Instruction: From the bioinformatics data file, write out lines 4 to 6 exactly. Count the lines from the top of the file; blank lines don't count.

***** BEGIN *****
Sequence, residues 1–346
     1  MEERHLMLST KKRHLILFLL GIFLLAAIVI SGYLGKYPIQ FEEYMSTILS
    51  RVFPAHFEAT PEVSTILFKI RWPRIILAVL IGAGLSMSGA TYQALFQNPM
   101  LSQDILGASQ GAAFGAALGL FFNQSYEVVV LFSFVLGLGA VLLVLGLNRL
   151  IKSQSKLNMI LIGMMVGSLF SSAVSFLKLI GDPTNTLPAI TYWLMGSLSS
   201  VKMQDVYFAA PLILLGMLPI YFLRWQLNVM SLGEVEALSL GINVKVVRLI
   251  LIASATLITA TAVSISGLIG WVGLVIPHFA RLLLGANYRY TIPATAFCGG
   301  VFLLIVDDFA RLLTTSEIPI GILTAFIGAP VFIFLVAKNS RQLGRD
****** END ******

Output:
   101  LSQDILGASQ GAAFGAALGL FFNQSYEVVV LFSFVLGLGA VLLVLGLNRL
   151  IKSQSKLNMI LIGMMVGSLF SSAVSFLKLI GDPTNTLPAI TYWLMGSLSS
   201  VKMQDVYFAA PLILLGMLPI YFLRWQLNVM SLGEVEALSL GINVKVVRLI